Complications of Dogs Eating Paper Towels

Keep your trash can closed and far away from your pooch.

Keep your trash can closed and far away from your pooch.

A common bad behavior in canines is eating objects such as paper towels. Dogs get into paper towels for many reasons; they are mainstays in the trash, might be easily accessible and they can provide entertainment. But eating paper products can carry serious health complications.

Blockage

The most severe complication of your dog eating paper towels is blockage of either his stomach or intestinal tract. This can lead to pain and even death, as a result of his inability to pass the paper towel. Signs of blockage include weight loss, inability to eat, extreme sensitivity in the torso and bloating. Your veterinarian will run tests to determine where the blockage is and act accordingly, either with medication or surgery.

Sour Stomach

A less severe side effect is an upset tummy, as his system works to pass the foreign matter. In some cases your dog may throw up the paper towels. If you notice vomiting and diarrhea after a paper towel snack, feed him canned pumpkin. Pumpkin can settle his stomach and help him pass the paper towels. Skip his usual meal, and replace it with an equal amount of canned pumpkin mixed with cooked white rice.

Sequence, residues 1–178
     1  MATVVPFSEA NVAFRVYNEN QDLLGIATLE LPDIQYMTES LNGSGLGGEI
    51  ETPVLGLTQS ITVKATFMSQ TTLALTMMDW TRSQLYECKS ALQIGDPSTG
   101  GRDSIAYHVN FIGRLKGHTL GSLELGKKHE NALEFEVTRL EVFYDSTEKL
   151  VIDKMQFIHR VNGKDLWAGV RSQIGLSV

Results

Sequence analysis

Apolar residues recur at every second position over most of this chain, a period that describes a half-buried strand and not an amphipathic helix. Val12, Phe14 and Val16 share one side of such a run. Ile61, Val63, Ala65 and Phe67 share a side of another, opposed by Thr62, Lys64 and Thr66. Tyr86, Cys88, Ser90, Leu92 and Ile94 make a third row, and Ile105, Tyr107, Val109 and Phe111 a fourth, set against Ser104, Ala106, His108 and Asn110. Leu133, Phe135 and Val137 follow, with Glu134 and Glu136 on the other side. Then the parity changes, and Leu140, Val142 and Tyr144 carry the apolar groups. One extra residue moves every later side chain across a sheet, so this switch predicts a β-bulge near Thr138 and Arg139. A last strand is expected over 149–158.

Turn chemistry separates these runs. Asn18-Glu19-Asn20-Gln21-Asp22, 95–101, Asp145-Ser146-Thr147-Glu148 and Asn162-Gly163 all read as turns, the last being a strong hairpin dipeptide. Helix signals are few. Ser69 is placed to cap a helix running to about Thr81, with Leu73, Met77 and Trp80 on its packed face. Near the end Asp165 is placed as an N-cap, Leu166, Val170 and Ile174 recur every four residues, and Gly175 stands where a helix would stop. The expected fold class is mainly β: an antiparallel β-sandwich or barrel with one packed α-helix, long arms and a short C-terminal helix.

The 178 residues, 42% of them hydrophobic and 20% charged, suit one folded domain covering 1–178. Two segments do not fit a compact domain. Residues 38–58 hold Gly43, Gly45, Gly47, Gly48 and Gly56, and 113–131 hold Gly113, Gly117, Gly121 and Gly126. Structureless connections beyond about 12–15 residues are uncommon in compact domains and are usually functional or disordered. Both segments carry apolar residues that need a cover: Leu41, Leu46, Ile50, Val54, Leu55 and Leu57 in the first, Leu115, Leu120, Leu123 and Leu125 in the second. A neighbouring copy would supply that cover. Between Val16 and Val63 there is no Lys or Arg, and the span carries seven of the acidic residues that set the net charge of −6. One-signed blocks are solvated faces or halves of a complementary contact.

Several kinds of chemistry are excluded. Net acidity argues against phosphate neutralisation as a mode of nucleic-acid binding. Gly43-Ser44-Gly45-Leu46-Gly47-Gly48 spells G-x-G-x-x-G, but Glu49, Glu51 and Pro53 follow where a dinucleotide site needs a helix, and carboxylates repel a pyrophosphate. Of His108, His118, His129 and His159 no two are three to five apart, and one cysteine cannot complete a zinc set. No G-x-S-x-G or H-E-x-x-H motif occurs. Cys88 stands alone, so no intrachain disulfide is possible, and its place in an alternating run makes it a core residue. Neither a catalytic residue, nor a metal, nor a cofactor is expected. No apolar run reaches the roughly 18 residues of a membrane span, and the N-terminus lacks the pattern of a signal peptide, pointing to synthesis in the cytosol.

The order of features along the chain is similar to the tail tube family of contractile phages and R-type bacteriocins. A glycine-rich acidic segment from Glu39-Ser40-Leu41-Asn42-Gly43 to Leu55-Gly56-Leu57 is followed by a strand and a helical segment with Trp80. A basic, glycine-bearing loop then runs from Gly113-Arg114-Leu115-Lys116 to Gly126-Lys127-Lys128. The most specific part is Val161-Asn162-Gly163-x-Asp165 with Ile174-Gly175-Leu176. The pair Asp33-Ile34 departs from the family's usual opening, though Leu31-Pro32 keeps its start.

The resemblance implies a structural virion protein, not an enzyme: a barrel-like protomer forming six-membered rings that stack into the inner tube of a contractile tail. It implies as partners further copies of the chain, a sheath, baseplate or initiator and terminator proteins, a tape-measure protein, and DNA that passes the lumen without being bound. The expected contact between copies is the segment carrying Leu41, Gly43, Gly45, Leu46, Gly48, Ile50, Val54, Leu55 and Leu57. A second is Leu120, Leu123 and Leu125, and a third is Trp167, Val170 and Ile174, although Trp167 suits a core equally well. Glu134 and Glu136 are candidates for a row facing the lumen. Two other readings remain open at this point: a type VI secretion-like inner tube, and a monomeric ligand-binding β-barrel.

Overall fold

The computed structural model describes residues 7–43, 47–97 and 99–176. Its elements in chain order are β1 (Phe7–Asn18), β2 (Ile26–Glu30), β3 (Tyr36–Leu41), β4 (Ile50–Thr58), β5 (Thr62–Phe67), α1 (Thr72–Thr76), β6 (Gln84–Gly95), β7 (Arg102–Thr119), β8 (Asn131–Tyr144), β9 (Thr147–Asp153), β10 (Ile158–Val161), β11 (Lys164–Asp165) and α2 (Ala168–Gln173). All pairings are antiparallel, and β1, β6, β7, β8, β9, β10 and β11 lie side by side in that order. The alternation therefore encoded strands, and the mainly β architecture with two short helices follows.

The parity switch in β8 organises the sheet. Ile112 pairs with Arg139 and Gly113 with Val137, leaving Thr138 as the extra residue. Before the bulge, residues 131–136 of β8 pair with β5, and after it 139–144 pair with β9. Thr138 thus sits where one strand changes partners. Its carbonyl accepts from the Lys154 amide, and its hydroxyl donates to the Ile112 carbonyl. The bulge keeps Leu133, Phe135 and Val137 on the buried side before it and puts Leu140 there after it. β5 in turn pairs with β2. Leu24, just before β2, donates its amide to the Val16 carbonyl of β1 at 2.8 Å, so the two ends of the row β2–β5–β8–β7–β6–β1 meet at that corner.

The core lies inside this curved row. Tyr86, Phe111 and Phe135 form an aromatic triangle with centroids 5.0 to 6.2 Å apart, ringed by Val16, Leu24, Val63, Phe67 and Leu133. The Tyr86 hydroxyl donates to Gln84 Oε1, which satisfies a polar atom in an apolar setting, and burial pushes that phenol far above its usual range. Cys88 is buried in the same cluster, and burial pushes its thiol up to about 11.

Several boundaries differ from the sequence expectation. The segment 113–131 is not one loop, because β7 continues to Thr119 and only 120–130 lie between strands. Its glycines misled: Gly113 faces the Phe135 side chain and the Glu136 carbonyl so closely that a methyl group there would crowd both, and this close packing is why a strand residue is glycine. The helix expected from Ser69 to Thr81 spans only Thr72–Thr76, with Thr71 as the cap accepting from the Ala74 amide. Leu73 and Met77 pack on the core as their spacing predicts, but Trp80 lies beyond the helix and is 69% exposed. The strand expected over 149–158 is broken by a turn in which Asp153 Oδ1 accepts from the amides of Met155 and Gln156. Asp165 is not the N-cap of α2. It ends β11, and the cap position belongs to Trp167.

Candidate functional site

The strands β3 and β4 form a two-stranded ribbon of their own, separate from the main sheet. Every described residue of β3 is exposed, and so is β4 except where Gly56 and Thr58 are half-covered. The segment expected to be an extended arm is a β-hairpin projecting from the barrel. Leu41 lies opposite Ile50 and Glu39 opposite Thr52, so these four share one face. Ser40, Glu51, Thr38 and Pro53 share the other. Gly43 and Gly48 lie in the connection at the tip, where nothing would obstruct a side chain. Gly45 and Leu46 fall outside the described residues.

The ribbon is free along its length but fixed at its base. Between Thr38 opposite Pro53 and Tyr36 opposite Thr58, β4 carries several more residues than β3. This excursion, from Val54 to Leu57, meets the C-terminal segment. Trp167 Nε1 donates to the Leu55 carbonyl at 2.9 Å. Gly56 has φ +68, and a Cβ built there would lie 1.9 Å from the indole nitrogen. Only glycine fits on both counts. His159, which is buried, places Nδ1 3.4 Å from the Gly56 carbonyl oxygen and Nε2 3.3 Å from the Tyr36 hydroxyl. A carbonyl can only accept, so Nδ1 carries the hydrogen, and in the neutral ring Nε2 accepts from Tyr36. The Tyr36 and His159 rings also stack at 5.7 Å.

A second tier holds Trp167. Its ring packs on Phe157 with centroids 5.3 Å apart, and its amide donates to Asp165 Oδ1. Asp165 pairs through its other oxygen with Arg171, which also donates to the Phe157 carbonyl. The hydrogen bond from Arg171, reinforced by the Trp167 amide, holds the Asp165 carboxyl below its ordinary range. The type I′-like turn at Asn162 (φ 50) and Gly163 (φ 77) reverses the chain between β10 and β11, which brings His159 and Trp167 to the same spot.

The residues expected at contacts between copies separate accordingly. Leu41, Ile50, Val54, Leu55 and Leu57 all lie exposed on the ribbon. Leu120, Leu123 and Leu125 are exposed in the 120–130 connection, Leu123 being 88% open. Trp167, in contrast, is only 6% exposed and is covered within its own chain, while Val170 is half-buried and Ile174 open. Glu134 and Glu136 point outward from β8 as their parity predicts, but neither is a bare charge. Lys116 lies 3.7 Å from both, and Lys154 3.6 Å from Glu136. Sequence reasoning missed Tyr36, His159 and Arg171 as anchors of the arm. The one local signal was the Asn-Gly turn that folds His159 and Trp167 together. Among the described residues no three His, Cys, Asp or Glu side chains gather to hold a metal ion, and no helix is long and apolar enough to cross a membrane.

Prevention Tips

Keep paper towels out of your dog’s access. If you have a large dog, this can mean putting towels on a high shelf or in a cabinet. Keep trash cans securely sealed and out of his reach. Consider keeping cans in another room with a closed door if your dog is an avid trash dumper. If your dog is munching on paper towels as a form of play, purchase some flavored chew toys, as this can help direct chewing behavior elsewhere.

Veterinary Help

If your dog has eaten paper towels, call your veterinarian immediately. Your vet may inform you to wait it out or bring the pooch in, but medical attention is imperative. If your dog continues to eat paper towels, despite your best efforts, visit your veterinarian to determine the root cause of the behavior. The vet also can recommend behavioral adjustments or specialists who can help.

 

About the Author

Amy Davidson is a graduate from the University of Florida in Gainesville, with a bachelor's degree in journalism. She also writes for local papers around Gainesville doing articles on local events and news.

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